Low interest rates make fixing long term more attractive

With interest rates so low and the NZ economy bouncing back, some are suggesting fixing your mortgage for 3-5 years.

23 June 2020

With longer fixed term mortgage rates available from 2.79% for three year terms, 2.99% for five years and floating rates down as low as 3.40% – while parts of the global economy bounce back better than expected – some market commentators are suggesting that homeowners should be thinking about fixing longer term.

Home owners commonly fix their home loans at interest rates for one to two years, but these extraordinarily low interest rate conditions across the board are making longer term loans something to think about.

Independent economist, Tony Alexander says the chance of negative interest rates has declined substantially in light of a better than expected outlook for the New Zealand economy after the early exit from Alert Level 2 and improving economic data coming from offshore.

“There’s nothing to suggest that anyone fixing for just one to two years is going to face substantially higher interest rates when their term comes to an end,” he says.

“But there’s limited scope for further falls in the five year rate and this is representing an opportunity for those who are conservative in their interest rate risk management,” he adds.

Kelvin Davidson, senior economist at Core Logic, stresses that it comes down to your personal circumstances as to what term you fix your home loan at. If it’s possible you’ll move in the next couple of years, you wouldn’t want to commit to such a long term rate.

Another reason not to fix longer term is if you’re expecting a bonus or you’re managing to make some good savings and you want to pay off some of the mortgage. There are limits to the number of extra payments you can make to your mortgage with a fixed home loan and then you have to pay charges.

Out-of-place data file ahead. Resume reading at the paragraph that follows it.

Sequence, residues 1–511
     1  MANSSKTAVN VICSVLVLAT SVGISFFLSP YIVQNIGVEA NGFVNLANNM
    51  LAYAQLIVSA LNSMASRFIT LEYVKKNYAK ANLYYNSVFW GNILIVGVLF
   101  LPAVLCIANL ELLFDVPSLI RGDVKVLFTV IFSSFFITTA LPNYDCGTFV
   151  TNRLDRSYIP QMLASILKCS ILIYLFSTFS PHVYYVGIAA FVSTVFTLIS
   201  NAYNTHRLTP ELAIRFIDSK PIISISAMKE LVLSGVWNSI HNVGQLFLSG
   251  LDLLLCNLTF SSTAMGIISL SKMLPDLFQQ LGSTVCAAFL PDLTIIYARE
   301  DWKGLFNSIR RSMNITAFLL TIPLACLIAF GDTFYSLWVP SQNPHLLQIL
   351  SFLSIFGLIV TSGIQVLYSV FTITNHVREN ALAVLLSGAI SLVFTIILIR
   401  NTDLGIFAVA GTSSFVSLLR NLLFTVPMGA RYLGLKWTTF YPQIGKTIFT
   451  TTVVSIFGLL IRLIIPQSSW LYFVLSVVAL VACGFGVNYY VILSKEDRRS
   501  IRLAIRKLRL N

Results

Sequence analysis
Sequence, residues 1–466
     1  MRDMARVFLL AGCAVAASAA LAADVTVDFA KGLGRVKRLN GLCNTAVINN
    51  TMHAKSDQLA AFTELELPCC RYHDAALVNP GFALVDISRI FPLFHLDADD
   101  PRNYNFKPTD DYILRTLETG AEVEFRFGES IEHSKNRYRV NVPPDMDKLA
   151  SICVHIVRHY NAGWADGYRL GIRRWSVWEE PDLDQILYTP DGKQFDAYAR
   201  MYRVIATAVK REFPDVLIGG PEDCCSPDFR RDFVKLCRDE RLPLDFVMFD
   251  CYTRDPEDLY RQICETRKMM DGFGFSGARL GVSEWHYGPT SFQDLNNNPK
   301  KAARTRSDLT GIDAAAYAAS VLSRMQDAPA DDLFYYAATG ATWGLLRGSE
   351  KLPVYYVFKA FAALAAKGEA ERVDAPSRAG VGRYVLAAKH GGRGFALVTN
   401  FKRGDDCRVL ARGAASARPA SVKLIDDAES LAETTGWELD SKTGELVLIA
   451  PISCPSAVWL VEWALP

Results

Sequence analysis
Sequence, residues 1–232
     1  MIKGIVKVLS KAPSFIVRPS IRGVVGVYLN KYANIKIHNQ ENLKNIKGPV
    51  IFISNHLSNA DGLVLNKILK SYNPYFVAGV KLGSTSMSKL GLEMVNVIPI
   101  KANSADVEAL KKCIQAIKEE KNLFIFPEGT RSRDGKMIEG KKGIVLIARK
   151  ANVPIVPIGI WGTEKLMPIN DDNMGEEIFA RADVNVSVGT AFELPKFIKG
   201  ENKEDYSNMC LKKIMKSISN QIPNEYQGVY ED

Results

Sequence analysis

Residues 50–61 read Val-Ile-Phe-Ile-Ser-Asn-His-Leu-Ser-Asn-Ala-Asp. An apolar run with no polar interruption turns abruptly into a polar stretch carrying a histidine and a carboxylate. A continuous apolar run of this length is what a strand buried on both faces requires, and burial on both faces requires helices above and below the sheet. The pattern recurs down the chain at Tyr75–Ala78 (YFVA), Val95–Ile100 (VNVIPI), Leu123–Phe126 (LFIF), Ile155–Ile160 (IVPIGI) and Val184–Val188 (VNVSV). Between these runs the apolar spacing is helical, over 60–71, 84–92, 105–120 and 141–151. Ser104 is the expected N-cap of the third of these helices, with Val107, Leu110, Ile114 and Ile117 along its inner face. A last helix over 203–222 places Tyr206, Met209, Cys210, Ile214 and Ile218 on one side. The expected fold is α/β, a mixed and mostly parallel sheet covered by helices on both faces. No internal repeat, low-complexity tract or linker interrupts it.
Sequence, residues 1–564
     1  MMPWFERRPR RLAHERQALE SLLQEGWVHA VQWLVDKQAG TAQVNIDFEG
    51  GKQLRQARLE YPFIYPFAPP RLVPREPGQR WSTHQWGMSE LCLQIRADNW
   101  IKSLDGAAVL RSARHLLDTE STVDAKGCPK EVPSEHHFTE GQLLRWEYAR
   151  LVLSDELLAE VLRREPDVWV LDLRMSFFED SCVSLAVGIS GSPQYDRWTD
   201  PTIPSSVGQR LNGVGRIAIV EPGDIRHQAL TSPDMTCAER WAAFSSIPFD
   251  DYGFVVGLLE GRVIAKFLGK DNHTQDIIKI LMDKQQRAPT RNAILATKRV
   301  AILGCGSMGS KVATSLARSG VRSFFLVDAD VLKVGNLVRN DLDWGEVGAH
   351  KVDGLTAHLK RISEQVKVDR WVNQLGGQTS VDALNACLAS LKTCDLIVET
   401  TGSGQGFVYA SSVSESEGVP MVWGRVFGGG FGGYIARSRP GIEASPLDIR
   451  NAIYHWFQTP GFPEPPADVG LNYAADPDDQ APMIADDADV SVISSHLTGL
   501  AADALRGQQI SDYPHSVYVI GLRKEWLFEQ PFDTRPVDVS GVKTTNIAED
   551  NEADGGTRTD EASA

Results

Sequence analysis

Mortgaged Kiwis have a raft of home loan options

The beauty about the current low interest environment is that actual interest rates are so low homeowners have got a “smorgasbord of options,” when choosing their rate and term, says Mr Davidson.

“If you want certainty as a first home buyer you can fix, if you want to play the market, you can do that, and you can go floating without worrying about rates rising,” he says.

Independent economist, Cameron Bagrie adds, “You are basically paying nothing for certainty, which on the face of it is great provided that low interest rates are not going to drop further, and we are close to that point.”

But first talk to your mortgage adviser

Before you make any decision, it’s important to talk to your mortgage adviser about what would work for you. Mortgage advisers are free to consumers, so it’s a good idea to use one who can drill down into your circumstances and negotiate with multiple banks for a great rate on your behalf.

Loan Market’s Tracey Warner, who stresses that people have to have 20% equity or a deposit to be eligible for these competitive home loan interest rates, says: “You have to look at your position, not in the short term but long term. Ask: “Where do I see myself in five years?”

If you’re thinking of moving in three years, you shouldn’t be looking at a five year rate.

A longer term fixed rate may look attractive but you don’t want to be lumbered with huge break fees if something changes in your life, Ms Warner stresses.

“You might end up going overseas with a promotion to Australia, and you don’t want to own a rental so you have to sell and break the fixed term loan,” she says.

Longer term fixed rate loans suit investors

The adviser has put some of her property investors on three to five year fixed rates recently.

“The reason is they want certainty of knowing what the repayments will be,” she says.

“If you’re a property investor, you want to protect your yield because the biggest cost to an investor is interest so for them to be able to keep their rent payments down for tenants, it’s actually quite a sensible option if you’re looking to hold onto it,” she adds.

Mortgage advisers will sometimes suggest breaking the loan up into three tiers, spread over one, two and three year terms to diversify interest costs. This is about allowing for change in the marketplace but with the way interest rates are, there’s not a lot of benefit to tier it with the risk being so low that interest rates will rise, says Ms Warner.

Don’t just be led by the cheapest rate

To home owners and buyers, dizzy with the options out there right now, Geoff Bawden of Bawden Consulting advises against looking at only the numbers.

“Always match this with your circumstances, don’t chase the cheapest rate,” he warns.

People often focus on the rate rather than the purpose of the loan and the two don’t necessarily go together, he says.

When you go for a low fixed rate you are doing it because it’s a good deal and because you want a piece of it. The purpose of a three year loan would be stability and knowing what you can budget to which is particularly useful for first home buyers, he says.

“If you fix it for 12 months, it’s gone in a rocket,” he adds.